Lockheed F-94 Starfire

ICAO aircraft code F94
Country United States
New price USD 0.5 million (1952)

The Lockheed F-94 Starfire was a first-generation jet powered all-weather, day/night interceptor of the United States Air Force.


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Lockheed F-94 Starfire Specifications

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ICAO aircraft code
Lockheed Martin Aeronautics
1949 - 1954
United States
New purchase price
USD 0.5 million (1952)

Aircraft performance

AN/APG-40 radar
1x Pratt & Whitney J48-P-5
8,750 pound-force
Max Cruise Speed:
560 Kts
1,037 Km/h
Travel range:
1,108 Nm
2,052 Kilometers
Service Ceiling:
51,400 feet
Rate of Climb:
7980 feet / minute
40.54meter / second

Weight & dimensions

Max Take Off Weight:
10,970 Kg
24,184 lbs
Max Landing Weight:
8,300 Kg
18,298 lbs
Max Payload:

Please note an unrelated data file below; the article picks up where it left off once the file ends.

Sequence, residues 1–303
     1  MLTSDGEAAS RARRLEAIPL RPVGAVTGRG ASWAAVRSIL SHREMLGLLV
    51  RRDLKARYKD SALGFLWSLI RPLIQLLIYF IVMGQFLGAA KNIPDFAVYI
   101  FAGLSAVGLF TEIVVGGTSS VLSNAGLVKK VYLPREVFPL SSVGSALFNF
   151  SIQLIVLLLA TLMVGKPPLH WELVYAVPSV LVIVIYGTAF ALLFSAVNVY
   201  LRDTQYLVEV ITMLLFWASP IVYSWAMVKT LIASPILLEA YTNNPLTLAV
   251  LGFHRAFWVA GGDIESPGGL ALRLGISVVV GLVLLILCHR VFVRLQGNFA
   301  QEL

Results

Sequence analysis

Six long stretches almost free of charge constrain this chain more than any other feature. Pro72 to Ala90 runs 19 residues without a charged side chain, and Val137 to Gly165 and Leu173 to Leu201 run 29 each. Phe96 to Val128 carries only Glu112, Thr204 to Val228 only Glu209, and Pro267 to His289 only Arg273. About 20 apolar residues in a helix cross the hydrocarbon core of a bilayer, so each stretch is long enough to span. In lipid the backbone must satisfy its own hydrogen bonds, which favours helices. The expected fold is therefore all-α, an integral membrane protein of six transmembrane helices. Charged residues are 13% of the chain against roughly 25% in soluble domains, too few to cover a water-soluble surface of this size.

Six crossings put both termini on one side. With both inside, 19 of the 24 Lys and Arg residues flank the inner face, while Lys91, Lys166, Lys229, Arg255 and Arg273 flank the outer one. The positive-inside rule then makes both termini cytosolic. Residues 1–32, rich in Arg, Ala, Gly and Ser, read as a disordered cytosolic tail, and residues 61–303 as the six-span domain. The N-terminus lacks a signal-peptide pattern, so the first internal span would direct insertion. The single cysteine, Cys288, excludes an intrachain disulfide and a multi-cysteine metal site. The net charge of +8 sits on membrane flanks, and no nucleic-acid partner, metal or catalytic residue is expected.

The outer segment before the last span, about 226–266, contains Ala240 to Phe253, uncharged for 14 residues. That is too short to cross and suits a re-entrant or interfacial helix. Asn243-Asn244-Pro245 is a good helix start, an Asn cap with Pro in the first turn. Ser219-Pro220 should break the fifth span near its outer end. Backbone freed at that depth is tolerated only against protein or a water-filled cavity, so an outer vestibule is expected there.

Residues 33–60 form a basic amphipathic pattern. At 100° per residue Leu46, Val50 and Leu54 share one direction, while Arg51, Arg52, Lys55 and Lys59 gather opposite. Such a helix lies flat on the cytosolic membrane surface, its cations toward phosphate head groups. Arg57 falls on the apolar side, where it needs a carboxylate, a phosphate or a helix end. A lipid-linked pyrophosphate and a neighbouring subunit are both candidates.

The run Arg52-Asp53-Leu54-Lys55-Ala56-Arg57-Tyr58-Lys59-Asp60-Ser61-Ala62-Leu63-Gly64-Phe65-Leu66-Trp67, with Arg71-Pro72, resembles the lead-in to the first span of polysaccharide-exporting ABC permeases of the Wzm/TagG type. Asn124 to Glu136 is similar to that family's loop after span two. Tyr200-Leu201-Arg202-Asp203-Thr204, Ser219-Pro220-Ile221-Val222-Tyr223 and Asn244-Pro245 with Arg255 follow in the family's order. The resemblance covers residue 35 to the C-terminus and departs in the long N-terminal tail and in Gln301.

800 Kg
1,764 lbs
Fuel Tank Capacity:
1,526 gallon
5,777 liter

Disclaimer: The information on this page may not be accurate or current. Never use it for flight planning or any other aircraft operation purposes. No warranty of fitness for any purpose is made or implied. Flight planning or any other aircraft operations should only be done using official technical information provided by the manufacture or official aviation authorities.

About the Lockheed F-94 Starfire

The Lockheed F-94 Starfire was a first-generation jet powered all-weather, day/night interceptor of the United States Air Force. A twin-seat craft, it was developed from the Lockheed T-33 Shooting Star trainer in the late 1940s. It reached operational service in May 1950 with Air Defense Command, replacing the piston-engined North American F-82 Twin Mustang in the all-weather interceptor role.

The F-94 was the first operational USAF fighter equipped with an afterburner, and first jet-powered all-weather fighter to enter combat during the Korean War in January 1953. It had a relatively brief operational life, being replaced in the mid-1950s by the Northrop F-89 Scorpion and North American F-86D Sabre. The last aircraft left active-duty service in 1958 and Air National Guard service in 1959.

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